Feature-Oriented Programming

The term for a kind of metaprogramming.

Excerpt from Getting Started below:

Feature Oriented Programming (FOP) is the the study of feature modularity, where features are raised to first-class entities in design. Features are implemented by cross-cuts that are modifications or extensions to multiple classes. Unlike AOP aspects, whose focus is on quantification -- i.e., specifying predicates that identify join points at which to insert code -- feature implementations are actually much closer to OO framework designs. That is, to add a feature to an OO framework, there are predefined methods and classes that are to be extended. In such designs, there is little or no quantification, but there are indeed "cross-cuts". This is the approach that we have used for years in building program families (aka product lines).

Algebraic Hierarchical Equations for Application Design (AHEAD) is an example of FOP. It is a simple and general algebraic model of program synthesis that is based on step-wise refinement -- a methodology that advocates that complex systems can be built by adding features incrementally. FOP and AHEAD address a fundamental problem in software engineering -- a path to its future.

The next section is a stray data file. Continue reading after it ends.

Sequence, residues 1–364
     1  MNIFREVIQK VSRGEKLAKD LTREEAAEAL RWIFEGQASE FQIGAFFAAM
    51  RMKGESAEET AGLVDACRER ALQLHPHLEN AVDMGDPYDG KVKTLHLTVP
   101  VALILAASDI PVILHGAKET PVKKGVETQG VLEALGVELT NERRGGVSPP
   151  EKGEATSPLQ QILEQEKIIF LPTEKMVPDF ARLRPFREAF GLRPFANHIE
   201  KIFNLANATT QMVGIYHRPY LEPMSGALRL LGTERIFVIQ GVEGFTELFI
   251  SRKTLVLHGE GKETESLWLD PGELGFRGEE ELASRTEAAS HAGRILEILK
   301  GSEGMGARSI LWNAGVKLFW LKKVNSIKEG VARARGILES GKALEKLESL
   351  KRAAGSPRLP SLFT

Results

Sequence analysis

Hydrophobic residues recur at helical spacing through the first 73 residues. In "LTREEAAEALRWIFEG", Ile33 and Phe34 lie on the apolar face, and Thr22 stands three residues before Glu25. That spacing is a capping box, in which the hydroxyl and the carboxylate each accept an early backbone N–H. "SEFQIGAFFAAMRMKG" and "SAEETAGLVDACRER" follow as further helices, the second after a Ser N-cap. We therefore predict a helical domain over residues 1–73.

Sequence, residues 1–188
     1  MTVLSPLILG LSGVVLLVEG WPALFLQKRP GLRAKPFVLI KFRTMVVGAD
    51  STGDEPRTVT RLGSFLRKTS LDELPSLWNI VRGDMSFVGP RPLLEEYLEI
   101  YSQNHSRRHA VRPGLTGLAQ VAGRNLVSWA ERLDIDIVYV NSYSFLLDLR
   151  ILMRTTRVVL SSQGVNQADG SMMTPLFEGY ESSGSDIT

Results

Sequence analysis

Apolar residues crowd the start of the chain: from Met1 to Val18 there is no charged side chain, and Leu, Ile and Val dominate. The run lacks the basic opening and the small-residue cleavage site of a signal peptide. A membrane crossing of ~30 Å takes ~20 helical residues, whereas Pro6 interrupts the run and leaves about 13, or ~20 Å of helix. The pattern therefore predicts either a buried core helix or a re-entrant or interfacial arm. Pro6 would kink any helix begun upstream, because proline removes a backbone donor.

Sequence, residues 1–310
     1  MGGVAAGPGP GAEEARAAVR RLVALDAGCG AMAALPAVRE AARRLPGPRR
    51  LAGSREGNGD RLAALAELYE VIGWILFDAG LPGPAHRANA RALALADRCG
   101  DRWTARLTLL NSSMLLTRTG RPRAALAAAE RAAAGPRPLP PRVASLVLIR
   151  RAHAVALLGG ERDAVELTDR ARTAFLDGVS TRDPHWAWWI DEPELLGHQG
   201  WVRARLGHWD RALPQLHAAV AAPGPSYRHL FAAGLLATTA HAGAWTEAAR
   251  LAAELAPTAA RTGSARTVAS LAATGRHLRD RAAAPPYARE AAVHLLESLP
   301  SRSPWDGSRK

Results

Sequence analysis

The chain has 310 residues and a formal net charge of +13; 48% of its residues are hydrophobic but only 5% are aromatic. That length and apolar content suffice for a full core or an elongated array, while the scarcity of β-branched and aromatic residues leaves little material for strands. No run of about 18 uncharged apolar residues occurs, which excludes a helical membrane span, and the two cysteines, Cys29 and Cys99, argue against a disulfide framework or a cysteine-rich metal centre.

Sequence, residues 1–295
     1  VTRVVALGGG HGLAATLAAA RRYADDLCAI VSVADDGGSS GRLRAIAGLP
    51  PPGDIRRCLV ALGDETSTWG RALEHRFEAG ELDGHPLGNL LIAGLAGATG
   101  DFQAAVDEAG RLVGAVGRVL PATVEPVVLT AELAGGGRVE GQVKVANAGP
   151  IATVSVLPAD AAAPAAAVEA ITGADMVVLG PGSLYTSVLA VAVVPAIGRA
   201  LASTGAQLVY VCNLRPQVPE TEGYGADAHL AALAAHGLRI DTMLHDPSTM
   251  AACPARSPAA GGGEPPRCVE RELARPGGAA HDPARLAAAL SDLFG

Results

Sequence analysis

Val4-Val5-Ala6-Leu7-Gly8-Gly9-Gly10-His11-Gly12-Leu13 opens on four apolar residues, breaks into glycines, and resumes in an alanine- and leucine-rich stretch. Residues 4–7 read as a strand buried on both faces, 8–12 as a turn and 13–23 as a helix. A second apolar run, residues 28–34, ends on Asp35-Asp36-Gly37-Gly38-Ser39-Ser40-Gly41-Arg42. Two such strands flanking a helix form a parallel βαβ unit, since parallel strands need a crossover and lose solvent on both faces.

The future of software engineering is in automation. The best practical example of automated software engineering is relational query optimization. That is, database queries are expressed using a declarative specification (SQL) that is mapped to an efficient program. The general problem of mapping from a declarative spec to a provably efficient program is very difficult -- it is called automatic programming). The success of relational databases rests on relational algebra -- a set of fundamental operators on tables -- and that query evaluation programs are expressions -- compositions of relational algebra operators. Optimizers use algebraic identities to rewrite, and hence optimize, expressions, which in turn optimizes query evaluation programs. This is how databases "solve" the automatic programming problem for query evaluation programs.


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